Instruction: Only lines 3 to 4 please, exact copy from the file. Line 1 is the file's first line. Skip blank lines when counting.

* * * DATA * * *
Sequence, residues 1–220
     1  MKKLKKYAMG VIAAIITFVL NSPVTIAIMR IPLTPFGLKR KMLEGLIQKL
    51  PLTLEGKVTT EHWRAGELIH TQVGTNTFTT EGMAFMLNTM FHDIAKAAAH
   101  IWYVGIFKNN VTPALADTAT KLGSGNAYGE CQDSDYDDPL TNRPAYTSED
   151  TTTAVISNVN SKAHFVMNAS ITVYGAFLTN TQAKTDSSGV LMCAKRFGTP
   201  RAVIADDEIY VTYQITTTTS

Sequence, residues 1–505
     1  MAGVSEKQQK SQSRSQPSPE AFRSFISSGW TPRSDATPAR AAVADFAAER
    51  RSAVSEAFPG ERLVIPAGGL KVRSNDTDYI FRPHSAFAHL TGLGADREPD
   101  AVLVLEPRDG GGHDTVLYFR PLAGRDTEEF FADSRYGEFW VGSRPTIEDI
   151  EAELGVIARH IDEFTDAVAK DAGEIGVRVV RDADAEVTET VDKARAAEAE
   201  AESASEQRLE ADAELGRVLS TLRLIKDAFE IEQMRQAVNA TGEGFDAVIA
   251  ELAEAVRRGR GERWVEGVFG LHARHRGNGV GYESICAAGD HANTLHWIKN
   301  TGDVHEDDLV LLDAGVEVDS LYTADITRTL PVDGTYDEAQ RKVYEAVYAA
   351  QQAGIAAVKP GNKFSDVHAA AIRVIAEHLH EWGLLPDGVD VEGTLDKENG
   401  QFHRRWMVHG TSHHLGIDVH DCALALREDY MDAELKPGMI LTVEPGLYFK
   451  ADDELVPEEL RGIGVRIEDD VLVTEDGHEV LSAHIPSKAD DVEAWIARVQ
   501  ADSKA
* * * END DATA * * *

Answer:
    51  PLTLEGKVTT EHWRAGELIH TQVGTNTFTT EGMAFMLNTM FHDIAKAAAH
   101  IWYVGIFKNN VTPALADTAT KLGSGNAYGE CQDSDYDDPL TNRPAYTSED